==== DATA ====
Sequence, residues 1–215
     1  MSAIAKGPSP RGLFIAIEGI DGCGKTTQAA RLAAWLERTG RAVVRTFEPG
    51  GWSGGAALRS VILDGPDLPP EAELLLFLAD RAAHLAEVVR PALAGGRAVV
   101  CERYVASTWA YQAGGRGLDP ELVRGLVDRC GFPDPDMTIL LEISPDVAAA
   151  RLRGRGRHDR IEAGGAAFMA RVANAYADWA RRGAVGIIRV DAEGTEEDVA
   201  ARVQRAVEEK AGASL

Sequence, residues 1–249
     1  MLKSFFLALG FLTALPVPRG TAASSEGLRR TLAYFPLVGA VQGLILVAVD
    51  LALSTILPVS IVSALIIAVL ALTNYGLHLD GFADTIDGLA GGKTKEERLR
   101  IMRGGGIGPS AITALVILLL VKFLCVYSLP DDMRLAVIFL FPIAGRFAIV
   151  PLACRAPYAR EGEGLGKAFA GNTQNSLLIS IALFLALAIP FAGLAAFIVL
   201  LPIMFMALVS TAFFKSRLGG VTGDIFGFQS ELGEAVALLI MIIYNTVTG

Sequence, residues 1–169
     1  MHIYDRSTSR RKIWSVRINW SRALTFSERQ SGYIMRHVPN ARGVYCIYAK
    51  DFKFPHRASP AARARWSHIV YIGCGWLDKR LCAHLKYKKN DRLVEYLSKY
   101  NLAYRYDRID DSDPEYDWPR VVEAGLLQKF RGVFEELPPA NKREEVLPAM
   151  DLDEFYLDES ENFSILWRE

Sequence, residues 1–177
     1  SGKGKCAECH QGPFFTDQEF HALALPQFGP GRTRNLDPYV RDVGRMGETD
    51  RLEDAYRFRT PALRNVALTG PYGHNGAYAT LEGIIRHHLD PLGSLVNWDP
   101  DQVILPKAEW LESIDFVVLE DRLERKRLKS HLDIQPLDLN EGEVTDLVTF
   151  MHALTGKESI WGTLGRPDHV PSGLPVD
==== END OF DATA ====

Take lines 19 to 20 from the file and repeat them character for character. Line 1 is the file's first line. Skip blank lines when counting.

     1  SGKGKCAECH QGPFFTDQEF HALALPQFGP GRTRNLDPYV RDVGRMGETD
    51  RLEDAYRFRT PALRNVALTG PYGHNGAYAT LEGIIRHHLD PLGSLVNWDP